India: No Copyright in Title of Film

December 10, 2019
Copyright Law of India

By Meril Mathew Joy and Ashish Sharma

The Hon’ble Division Bench of the Madras High Court in a recent case titled, K. Balaji Kumar v M/s. Star Polaris & Anr.[1] observed that the title alone of literary works cannot be protected under the copyright law and legal protection for literary titles lies in field of trademark and unfair competition law. 

Case Brief:

  • The matter pertained to claim of copyright by the Appellant/Plaintiff, K. Balaji Kumar, with respect to the release of a motion picture named “Kolaiyudhir Kaalam”.
  • The Appellant, K. Balaji Kumar, claimed copyright on the basis of the title of a book authored by one Sujatha, the copyright of which has been purchased by him. The lower Court passed an interim order in favour of the Appellant vide order dated July 4, 2019.
  • The Respondents, M/S Star Polaris and Anr in the present appeal prayed for vacation of the interim order and maintenance of status quo dated July 4, 2019.
  • The Hon’ble Madras High Court allowed the appeal for vacating the interim order granted in favour of the appellant on July 4, 2019, directing status quo to be maintained by the parties.

Appellant Contentions:

  • The learned counsel for the appellant submitted that the interim order restricting the respondents from using “Kolaiyudhir kallam” as title for their film to be continued during the pendency of the suit.

Respondent Contentions:

Respondents through their counsel Mr. V. Subramanian, submitted that the Appellant have claimed copyright just on basis of the title of a book authored by Sujata, and the same has been purchased by the Respondent.

Respondent also submitted that Copyright law does not apply to such single title.

  • Learned counsel of respondent derives that there is no copyright in a title that would apply to all feature films. He relied on the Madras High Court Judgement Radhakrishnan v A.R.Murugadoss and another[2], dated 29.10.2013 and M/s.Lyca Productions -Vs- J.Manimaran and Others[3], decided on 22.02.2018
  • In M/s.Lyca Productions -Vs- J.Manimaran and Others, the Division Bench of the madras High Court held that the provisions of the Copyright Act, 1957 and in particular the wide definition given in Section 2(m)(ii)[4] actually means a copy of the film made on any medium by any means.
  • The learned counsel of respondent claims that the plot and storyline of the two films is different and there is no similarity between the two.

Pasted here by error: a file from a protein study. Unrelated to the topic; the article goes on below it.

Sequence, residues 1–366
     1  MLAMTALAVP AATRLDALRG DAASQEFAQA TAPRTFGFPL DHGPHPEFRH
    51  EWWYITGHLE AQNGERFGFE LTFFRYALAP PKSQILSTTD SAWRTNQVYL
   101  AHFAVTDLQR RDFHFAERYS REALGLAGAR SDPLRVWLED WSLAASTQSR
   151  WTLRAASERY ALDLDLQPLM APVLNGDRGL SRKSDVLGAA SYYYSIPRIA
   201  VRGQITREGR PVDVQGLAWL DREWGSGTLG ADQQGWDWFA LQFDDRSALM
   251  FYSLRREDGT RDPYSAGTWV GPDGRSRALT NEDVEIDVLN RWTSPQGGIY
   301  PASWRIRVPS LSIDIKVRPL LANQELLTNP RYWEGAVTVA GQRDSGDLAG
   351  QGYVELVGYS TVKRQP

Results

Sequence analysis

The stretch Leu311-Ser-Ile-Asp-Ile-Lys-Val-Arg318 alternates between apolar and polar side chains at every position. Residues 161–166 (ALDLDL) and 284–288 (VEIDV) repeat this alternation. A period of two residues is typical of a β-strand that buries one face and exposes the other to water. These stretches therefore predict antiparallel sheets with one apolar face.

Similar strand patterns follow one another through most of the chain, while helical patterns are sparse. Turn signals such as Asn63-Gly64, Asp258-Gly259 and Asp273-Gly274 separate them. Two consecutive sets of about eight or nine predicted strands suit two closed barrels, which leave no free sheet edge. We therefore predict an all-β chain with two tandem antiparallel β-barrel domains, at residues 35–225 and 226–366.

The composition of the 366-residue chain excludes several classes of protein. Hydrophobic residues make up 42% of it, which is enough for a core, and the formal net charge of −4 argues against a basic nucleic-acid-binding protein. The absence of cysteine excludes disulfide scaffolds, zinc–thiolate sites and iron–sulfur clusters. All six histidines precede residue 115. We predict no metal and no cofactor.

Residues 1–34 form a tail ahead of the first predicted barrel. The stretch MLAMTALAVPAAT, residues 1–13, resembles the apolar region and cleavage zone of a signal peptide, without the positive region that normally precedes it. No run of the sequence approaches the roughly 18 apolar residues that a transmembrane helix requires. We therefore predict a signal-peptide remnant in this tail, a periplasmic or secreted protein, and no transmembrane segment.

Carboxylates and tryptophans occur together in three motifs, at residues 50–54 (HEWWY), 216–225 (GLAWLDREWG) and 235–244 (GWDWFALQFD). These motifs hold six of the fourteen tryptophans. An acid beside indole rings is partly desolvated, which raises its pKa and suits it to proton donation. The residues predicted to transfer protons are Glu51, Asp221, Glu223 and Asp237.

• That the respondents have invested huge amount in the production of the said movie and have completed all certification works and advertisement etc., and the interim order granted by this Court is causing prejudice and loss to the respondents
  • Copying of a title alone, and not the plot, characterization, dialogue, song etc. is not the subject of Copyright Law. Thus, a copyright on a literary work would not include exclusive right to use the title on any other work.

Court’s Observation:

The High Court of Madras while ruling in favour of the Respondent, made the following observations in the case:

That the American Courts have taken a view that the title alone of a literary work cannot be protected under the Act. Copying of title alone, and not the plot, songs, dialogue etc. is not the subject of copyright law.

That legal protection for literary titles lies in the field of trademark and unfair competition. In general, such titles are protected according to the fundamental principles of trademark and unfair competition law. The titles of literary and entertainment creations and works are treated in much the same way as the trademarks of other commercial commodities.

The Court further bifurcated the category of titles into two types of works, i.e.  titles of single literary works and titles of series of literary works. The titles of series of books, newspaper, periodicals do function as a trademark as they indicate each edition come from same source as the others. Such ‘series titles’ enjoys the same protection as usual trademark. The Hon’ble Court explained this by giving examples of various TV series, movie franchises like ‘The Godfather’, ‘Rocky’, ‘Die Hard’.

It is pertinent to mention that the current ruling has brought back the view of the Hon’ble High Court in concurrence to the M/s Lyca Production case (supra) after the ex-parte order in M/S Saumya Movies vs M/S.Suresh Production[5] upheld the copyright claim of the film title ‘Naan Aanaiittaal’.

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[1] O.S.A. No. 154 of 2019 and C.M.P. No. 13790 of 2019.

[2] O.A.No.710 & 711 of 2013 in C.S.No.639 of 2013

[3] O.S.A.No.63 of 2018

[4] (m) “infringing copy” means,— 4[(m) “infringing copy” means,—”

(i) in relation to a literary, dramatic, musical or artistic work, a reproduction thereof otherwise than in the form of a cinematographic film;

[5] CS.No.820 of 2017




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